Instructables
Picture of Inspirational Wall Hanging
This idea stemmed from something I found in an industrial design catalog.  It wasn't the furniture for sale that caught my eye, but rather the wall treatment in the background.  They had used rough hewn lumber mounted over a concrete wall.  Since I didn't want to redo the entire wall in my rental, I felt something more mobile would be appropriate.
 
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Step 1: Lumber

Picture of Lumber
einstein_01b.jpg
einstein_01c.jpg
For the trusty, reliable (and free) reclaimed lumber I nabbed a pallet headed for the garbage.  Make sure to remove all the nails.  I tend to get immersed in my work, so I forgot to take additional photos, but I used a table saw to cut pieces to a consistent size and a planar to smooth things out.  For this particular project, an orbital sander should work fine.

Step 2: Steel Frame

Since I had scrap left over from a previous project, I used 3/4" cold rolled steel for a frame.  This was roughly 20" x 50".  When marking the hole to drill I took into account the width of the board as well as the gap between to make sure I had the center all down the length.  MIG weld the corners and grind smooth so that everything lays flat (doesn't need to be pretty since it will be hidden).  Proper work holding is important!  Even with multiple precautions, the boards still started to drift towards the end and I needed to go back and touch up some.
Mr. Noack1 year ago
Well done! This looks amazing!! I find that the stamp filter in photoshops produces a nice stencil.

Thanks for that tip Mr. Noack. That gives a great starting point to work from.

siepel953 months ago

made it!

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nos4atus3 months ago

Very cool. Thanks for the great idea. Keep it up.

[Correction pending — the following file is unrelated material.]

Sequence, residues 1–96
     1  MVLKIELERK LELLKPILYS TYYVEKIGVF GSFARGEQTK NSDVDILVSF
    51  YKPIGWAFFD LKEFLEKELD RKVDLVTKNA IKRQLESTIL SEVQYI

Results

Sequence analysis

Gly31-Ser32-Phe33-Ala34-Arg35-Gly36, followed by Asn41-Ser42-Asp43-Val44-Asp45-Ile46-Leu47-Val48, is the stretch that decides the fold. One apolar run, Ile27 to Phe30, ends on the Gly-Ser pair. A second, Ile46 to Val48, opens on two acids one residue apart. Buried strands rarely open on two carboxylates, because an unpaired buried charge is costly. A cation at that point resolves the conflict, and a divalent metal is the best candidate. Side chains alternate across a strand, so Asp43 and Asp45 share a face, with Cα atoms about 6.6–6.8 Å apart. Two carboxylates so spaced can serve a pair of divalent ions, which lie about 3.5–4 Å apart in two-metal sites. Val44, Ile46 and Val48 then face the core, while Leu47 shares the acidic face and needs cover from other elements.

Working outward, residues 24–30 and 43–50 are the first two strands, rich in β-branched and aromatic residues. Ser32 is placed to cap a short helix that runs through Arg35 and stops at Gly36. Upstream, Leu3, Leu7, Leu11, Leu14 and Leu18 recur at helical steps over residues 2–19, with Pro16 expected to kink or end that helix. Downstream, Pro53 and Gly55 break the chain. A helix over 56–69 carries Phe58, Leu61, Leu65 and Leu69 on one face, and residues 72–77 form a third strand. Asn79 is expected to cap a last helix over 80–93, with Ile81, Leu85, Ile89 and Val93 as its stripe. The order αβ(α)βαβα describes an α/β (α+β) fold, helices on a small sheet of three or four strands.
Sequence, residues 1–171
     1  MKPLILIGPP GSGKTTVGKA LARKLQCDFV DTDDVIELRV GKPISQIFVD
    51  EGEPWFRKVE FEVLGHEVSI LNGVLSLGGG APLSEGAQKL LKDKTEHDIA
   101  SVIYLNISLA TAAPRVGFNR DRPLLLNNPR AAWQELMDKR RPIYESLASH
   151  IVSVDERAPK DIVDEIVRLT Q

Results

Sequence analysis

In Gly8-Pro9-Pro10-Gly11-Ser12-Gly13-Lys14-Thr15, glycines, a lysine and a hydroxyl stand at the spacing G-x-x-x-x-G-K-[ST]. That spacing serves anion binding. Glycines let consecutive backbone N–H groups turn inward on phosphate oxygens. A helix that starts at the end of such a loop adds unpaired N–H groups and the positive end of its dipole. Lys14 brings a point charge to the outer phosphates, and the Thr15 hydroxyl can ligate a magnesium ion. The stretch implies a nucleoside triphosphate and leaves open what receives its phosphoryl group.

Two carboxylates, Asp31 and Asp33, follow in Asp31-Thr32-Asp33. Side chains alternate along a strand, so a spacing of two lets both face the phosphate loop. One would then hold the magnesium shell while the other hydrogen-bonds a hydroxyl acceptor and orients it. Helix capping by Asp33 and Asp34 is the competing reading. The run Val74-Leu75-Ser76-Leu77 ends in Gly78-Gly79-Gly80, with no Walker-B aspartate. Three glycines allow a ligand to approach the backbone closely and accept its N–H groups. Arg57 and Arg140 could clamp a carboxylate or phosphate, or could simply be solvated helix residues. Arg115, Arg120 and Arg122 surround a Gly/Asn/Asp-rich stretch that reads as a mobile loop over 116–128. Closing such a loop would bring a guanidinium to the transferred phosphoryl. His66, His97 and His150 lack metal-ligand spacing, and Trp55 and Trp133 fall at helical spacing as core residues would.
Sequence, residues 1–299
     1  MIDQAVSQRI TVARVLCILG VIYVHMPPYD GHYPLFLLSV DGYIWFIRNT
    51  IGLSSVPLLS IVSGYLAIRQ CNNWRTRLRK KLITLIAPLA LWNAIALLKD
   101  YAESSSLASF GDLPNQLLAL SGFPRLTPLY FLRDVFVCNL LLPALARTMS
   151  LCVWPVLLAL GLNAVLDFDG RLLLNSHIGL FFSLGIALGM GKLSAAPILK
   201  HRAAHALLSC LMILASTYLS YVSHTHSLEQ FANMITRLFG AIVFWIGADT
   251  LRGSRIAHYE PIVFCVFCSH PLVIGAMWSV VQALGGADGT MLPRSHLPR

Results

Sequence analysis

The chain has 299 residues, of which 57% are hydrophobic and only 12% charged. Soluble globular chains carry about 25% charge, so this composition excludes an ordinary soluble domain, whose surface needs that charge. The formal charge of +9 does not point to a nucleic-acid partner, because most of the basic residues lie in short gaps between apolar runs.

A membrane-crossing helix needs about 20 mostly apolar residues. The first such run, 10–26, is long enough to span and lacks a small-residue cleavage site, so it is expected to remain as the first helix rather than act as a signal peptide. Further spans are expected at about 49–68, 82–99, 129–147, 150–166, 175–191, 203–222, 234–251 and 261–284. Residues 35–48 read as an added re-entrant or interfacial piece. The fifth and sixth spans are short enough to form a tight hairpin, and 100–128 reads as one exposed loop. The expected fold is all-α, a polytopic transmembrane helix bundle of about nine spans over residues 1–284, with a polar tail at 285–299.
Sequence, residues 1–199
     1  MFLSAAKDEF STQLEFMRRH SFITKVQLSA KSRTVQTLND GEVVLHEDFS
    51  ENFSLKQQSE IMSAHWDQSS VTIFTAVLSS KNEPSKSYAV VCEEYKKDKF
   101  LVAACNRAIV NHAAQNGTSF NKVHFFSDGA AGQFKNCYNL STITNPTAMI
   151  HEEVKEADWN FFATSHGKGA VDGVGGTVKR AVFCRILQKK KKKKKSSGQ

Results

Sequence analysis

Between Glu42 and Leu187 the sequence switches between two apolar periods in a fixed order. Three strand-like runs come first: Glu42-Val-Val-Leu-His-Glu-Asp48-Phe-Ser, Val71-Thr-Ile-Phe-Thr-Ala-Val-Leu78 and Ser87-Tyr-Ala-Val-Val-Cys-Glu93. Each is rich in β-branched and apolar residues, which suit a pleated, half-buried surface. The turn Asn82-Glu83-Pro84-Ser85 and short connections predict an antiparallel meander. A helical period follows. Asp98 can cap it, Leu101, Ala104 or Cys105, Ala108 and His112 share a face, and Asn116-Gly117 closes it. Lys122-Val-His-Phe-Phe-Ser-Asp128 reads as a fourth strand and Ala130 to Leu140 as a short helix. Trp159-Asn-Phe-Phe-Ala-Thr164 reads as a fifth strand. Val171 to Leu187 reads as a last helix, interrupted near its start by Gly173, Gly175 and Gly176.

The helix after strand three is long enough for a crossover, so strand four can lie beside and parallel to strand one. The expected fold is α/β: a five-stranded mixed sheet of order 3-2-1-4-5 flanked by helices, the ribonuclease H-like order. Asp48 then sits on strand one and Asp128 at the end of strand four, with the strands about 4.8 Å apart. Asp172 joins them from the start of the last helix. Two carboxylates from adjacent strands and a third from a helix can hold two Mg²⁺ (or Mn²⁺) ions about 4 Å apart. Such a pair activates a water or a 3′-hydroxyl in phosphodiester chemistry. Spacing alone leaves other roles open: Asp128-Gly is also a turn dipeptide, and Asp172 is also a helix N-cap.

Big387 months ago
Would you be able to share what is the overall size? looks terrific!
techshop_android (author)  Big387 months ago
I don't recall the exact numbers, but it was something irregular due to the reclaimed lumber I found. Roughly 18-22" wide and ~60" tall (or 50 x 120cm). The nice part is this can change with whatever material you have available.
You could probably sell these for like $200-$300 a piece and make some money.
techshop_android (author)  WifiWLanMan1 year ago
Interesting... anything in particular you might like? It would be easy enough to customize.
How much for a John Wayne one?
Tav0010 months ago
looks really good. Ive decided to give this a go ive got a pallet and have cut the pieces down to size and sanded them down, but instead of using a frame to hold it together im threading a piece of rope through each piece so i can hang it on my door. Can you help me as i don't make things very often, do you have to prep the wood after sanding before i spray my stencil on? Thank You.
techshop_android (author)  Tav0010 months ago
Sanding should be enough before the stencil. The important part with the stencil is a good seal, so if you are using vinyl or some kind of tape for the masking polyurethane can help. Otherwise if you are cutting a stencil out of a hardboard, the more rigid the better and find weights to help hold it down. You can brush on latex paint if the surface is smooth enough, otherwise aerosol for porous. Either way go light with the paint and do multiple layers.

Most important of all: if you are new at something, practice! You will always learn something with a trial run, it takes some of the pressure away, and your final piece will turn out better. Have fun.
anneangersbach12 months ago
Great stuff. I would've thought to join the pallet wood with wood bars for roof batten (had to look it up, not sure if I'm using the word correctly). Much lighter and probably cheaper than the metal - and most likely easier to work with, too.
On a smaller scale this could make great presents, too.